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Careers in Clinical Research: Obstacles and Opportunities molecular biologists have developed informal or formal research interactions that play more active day-to-day roles in their lives than interactions with their subspecialties do. The same kind of cross-disciplinary associations are developing among investigators interested in advanced patient-oriented research methodologies. A number of programs have been initiated around the country to provide investigators with the skills needed to perform patient-oriented research. A selection of these is described below; this is followed by a discussion of some of the characteristics common to most such initiatives. Overview of Selected Programs Robert Wood Johnson Clinical Scholars Program One of the oldest, largest, and most successful of the existing research training programs is the Clinical Scholars Program (CSP) (Shuster et al., 1983), which was started in 1969 by the Commonwealth Fund and Carnegie Corporation. Since 1973, CSP has been funded by the Robert Wood Johnson Foundation. Each year some 25 new fellows are enrolled in six programs at seven universities and their affiliated Veterans Affairs Hospitals. The foundation does not encourage the pursuit of advanced degrees. From 1971 through 1992 there were 600 graduates of CSP, of whom 363 (61 percent) are currently in academic medicine and another 31 (5 percent) are in government. Slightly more than half of the graduates were from internal medicine. Many have assumed leadership roles at their institutions and at various federal agencies, including AHCPR. University of Michigan School of Public Health The University of Michigan School of Public Health supports a program in clinical research design and statistical analyses that can lead to a master's of science degree (Penchanksy et al., 1988). The program's required core courses are taught during 18 sessions, each of which is held about once a month and lasts for four days. Student participants include physicians at various levels of training and other health care personnel. Harvard Clinical Effectiveness Program The Harvard Clinical Effectiveness Program provides methodologic training to postdoctoral trainees during an intensive two-month summer session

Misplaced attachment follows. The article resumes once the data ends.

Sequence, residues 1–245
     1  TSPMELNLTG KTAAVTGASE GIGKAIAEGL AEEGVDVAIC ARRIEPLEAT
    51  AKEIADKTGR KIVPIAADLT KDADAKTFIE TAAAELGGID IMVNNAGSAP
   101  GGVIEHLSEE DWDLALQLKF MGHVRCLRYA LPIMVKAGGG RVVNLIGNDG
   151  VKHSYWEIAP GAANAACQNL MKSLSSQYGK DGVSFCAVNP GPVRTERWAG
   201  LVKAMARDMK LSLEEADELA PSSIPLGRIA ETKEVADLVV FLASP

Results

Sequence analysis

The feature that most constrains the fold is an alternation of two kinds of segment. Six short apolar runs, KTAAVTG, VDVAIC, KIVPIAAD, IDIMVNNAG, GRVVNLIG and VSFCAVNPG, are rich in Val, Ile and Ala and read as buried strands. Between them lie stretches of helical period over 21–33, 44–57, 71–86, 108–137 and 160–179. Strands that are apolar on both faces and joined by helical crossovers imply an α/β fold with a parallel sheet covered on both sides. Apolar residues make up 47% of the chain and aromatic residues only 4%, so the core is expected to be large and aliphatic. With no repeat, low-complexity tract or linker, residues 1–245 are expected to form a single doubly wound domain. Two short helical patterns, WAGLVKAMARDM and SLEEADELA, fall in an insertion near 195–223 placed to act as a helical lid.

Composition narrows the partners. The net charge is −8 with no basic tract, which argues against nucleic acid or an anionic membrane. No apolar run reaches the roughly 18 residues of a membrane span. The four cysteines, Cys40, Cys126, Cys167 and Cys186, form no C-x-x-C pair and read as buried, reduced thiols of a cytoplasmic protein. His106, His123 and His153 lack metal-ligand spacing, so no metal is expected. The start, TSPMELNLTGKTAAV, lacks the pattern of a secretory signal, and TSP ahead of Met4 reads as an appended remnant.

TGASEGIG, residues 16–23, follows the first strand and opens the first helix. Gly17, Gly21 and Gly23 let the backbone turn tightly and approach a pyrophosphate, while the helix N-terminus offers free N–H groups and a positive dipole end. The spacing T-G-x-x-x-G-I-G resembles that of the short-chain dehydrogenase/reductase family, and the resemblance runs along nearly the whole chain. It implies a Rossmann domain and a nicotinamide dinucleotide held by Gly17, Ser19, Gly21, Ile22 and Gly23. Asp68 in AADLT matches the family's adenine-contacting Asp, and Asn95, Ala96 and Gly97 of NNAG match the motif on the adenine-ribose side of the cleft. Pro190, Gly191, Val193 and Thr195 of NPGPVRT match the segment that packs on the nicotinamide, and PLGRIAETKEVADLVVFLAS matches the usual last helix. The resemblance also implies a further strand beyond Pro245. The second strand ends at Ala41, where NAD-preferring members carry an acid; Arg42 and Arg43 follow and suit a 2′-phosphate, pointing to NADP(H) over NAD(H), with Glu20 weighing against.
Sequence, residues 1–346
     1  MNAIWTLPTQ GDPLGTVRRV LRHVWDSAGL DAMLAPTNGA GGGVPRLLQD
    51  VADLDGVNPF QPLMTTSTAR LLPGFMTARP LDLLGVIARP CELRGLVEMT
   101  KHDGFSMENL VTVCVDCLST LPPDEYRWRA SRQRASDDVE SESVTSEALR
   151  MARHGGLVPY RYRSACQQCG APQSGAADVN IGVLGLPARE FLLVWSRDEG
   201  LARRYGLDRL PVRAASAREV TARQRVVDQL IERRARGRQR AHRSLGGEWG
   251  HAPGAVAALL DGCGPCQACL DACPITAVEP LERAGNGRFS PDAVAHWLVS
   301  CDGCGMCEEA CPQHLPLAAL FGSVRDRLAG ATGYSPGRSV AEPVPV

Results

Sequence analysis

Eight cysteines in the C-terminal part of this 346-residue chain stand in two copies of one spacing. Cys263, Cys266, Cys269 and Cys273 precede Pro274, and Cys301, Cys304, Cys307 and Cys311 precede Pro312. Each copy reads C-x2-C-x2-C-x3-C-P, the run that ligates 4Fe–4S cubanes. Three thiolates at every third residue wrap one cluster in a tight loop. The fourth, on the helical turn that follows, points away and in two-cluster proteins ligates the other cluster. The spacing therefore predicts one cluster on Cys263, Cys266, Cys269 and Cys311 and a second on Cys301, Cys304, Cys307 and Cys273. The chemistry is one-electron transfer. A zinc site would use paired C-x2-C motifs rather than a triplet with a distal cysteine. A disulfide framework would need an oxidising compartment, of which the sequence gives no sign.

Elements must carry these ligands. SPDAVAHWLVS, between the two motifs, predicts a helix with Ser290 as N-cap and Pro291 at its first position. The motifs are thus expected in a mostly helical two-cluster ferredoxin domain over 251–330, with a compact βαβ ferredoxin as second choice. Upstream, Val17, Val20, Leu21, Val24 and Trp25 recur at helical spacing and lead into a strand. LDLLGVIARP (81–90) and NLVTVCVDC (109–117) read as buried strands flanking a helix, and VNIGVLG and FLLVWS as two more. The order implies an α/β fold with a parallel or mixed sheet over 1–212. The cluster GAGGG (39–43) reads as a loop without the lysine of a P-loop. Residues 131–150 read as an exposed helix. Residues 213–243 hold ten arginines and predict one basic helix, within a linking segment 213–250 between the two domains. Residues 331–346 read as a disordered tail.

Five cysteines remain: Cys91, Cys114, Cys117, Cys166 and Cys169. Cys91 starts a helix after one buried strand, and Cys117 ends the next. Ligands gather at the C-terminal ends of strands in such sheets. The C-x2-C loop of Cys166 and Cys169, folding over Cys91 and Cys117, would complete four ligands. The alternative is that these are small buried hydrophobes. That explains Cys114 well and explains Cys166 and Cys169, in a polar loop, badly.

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Careers in Clinical Research: Obstacles and Opportunities administered by the Harvard School of Public Health (Goldman et al., 1990). The program was initiated in 1986 in response to interest generated among medical subspecialty fellows supported by NIH training grants. The curriculum provides 15 credits (of the 40 needed for a master's of science or master's of public health degree) at the Harvard School of Public Health. During this period, fellows are required to be completely free of clinical responsibilities. A prerequisite for all applicants for the program is a commitment to an academic career that will utilize the methodologic skills taught in the program. All applicants must be sponsored by the chief of their clinical subspecialty division or department, who must pay the trainee's tuition (currently about $6,000) with individual or institutional training grants or other institutional funds. Of the 80 physicians who have enrolled in the summer curriculum and who have finished their clinical training, 68 (85 percent) hold full-time academic positions and another 4 (5 percent) are in government or nonprofit research positions. Other Programs Among other academic centers that sponsor patient-oriented research training programs are those at Johns Hopkins University, the Mayo Clinic, Stanford University, the University of California at San Francisco, and McMaster University in Canada (Neufield, 1989). Common Characteristics In most instances, the programs are coadministered by schools of public health and departments of medicine. Several programs are affiliated with degree-granting schools of public health; others actively involve divisions of epidemiology and biostatistics within the medical school. Strong emphasis is placed on issues of study design such as formulation of the research question, types of study design, subject selection, randomization, measurement, sample size, bias, pretests, quality control, compliance, discontinuing criteria, closing a trial, alternative designs, including observational studies, cohort studies, cross-sectional studies, case-control studies, and hybrid designs and multicenter trials. All curricula stress in-depth training in statistics and epidemiology. Among the topics often covered are discrete and continuous probability theories, linear and logistic regression techniques, analysis of variance and covariance, nonparametric testing, graphical displays, data transformation, contingency-table analysis, life-table and survival-analysis techniques, mathematical modeling, meta-analysis,